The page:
Of All of the Gin Joints in the World...
The assumption here is that there are still lines out there which attach Notary Sojac and their music to fans and old friends. Admittedly, these lines have atrophied and pretty much disappeared in many cases, but utilizing this page to establish detours, they can be rebuilt. Letters sent to the email below each Sojac page will be received and, if deemed not of prurient value, might possibly end up on this page. So if you just want to say hello, or maybe have something of value to share regarding Sojac and the era, come on ahead. Be forewarned: Every letter will be monitored and screened for bacteria and lice. Management reserves the right to co-opt any good ideas and copyright them for future profit. Note: If you do not wish to appear on this page, please say so. Anything of a personal nature will be treated as such and will not be posted. Title for this page is credited to the first bearer of old news (and the film he stole it from, "Casablanca") to grace this page.
I toured the Experience Music Project earlier this year in Seattle and was especially taken with the Pacific NW Bands exhibit (and later visited the pnwbands.com website), which brought back lots of memories--- being 13 in 1965 and seeing The Wailers at the Rockin' Castle in Boise and a year later at the Fiesta Ballroom (might have been The Zodiac Way, by then). The group that really amazed me at 13 was The Quirks, whom I first saw at The Bomb Shelter in the Highlands in Boise. Lead singer then was Justin Bonner, lead guitarist was Tom McMeekan (who had a broken leg with cast on from hip to toe--- rumor was that they dropped an amp on it to get him out of a draft board physical), and on drums, Mike Marks. First band I ever saw that had three-part harmonies (thanks to rhythm guitarist Leo Lawrence AKA Leo Brickey) and looked like The Byrds. Saw them many times after that, before and after their big trip to L.A.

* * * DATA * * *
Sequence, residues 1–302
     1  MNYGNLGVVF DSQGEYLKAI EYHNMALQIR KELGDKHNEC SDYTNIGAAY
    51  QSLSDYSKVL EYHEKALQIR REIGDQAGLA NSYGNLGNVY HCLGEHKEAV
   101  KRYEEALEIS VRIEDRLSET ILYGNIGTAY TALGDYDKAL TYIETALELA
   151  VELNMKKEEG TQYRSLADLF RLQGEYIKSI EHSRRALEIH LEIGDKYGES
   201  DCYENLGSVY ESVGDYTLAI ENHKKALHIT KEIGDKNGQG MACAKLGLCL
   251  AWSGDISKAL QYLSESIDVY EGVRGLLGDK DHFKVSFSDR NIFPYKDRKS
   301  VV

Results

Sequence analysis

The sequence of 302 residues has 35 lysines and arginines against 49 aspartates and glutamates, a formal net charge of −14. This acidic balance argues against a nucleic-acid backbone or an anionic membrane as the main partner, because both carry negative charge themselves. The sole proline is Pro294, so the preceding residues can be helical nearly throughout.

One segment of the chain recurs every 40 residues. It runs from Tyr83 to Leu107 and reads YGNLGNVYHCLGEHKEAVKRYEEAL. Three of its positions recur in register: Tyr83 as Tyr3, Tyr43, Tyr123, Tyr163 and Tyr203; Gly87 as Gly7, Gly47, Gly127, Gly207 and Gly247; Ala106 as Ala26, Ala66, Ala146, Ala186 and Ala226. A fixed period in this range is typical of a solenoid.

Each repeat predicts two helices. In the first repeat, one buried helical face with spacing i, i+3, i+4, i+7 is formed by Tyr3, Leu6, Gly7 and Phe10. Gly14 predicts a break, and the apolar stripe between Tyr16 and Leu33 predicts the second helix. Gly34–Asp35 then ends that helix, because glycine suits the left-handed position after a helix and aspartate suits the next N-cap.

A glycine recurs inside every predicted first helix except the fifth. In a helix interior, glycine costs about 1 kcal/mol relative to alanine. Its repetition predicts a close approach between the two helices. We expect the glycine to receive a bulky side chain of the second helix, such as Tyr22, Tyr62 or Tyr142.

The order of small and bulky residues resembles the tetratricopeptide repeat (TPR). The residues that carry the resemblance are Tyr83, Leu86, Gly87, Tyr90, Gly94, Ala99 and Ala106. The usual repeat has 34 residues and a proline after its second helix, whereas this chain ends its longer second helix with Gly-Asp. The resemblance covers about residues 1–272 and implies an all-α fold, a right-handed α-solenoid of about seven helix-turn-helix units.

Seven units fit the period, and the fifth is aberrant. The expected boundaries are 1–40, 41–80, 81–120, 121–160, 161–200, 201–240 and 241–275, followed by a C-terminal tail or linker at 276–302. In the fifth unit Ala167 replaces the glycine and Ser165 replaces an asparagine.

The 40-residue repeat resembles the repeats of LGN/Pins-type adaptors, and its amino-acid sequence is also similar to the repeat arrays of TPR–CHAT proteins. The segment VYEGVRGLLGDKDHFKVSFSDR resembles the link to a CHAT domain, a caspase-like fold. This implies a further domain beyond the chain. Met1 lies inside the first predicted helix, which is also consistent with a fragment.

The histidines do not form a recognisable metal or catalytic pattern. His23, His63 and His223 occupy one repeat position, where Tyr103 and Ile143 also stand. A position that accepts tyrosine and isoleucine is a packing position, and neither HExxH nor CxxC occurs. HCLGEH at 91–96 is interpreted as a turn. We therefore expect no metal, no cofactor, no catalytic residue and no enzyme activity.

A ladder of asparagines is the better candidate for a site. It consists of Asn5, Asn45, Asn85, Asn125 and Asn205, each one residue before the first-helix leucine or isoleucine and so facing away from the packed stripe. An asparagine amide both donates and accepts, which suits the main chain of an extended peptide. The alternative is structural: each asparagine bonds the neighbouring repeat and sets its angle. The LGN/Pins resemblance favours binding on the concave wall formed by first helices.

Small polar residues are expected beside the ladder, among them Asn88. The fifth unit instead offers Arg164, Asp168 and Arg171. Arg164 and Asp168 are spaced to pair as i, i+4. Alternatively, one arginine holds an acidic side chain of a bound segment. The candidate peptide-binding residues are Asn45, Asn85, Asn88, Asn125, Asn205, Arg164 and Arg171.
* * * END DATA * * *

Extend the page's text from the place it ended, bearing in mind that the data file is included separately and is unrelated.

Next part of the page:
Flash forward to 1969 and the buzz around Boise centered on a new band coming to town from Portland that had former members of The Quirks--- Notary Sojac (what so wary what?). I saw them first at the Fiesta Ballroom with some of the guys from a band I was in. We were floored. We expected good musicianship, but had no idea it would be at that level. All original material. Memorable songs--- 35 years later, I can still hear in my head the chorus to "All Around the Town", a Tom McMeekan tune. Great instrumentation--- Will Herold on Hammond B-3, the Koski brothers on woodwinds. Three part lead guitars in harmony (years before we'd ever heard of the Allman Brothers), And unusual time signatures--- I don't think any of the rest of us in Boise had ever played anything that wasn't 4/4. This was so far beyond what any of us had heard before, and I suspect if we could hear it today, we would think the same.
I was an acquaintance of several of the members then. I knew Jim Lowry from a group he was in prior to NS. I bought an amp from Mike Marks that I used until a few years ago, and I remember going over to Will Herold's parents' house with him when NS was in Boise one time, but I can't remember now for what. The point is that they were accessible and loved to talk about their music, and we were all convinced that NS was the next big thing and we would be able to say, "Hey, I know those guys."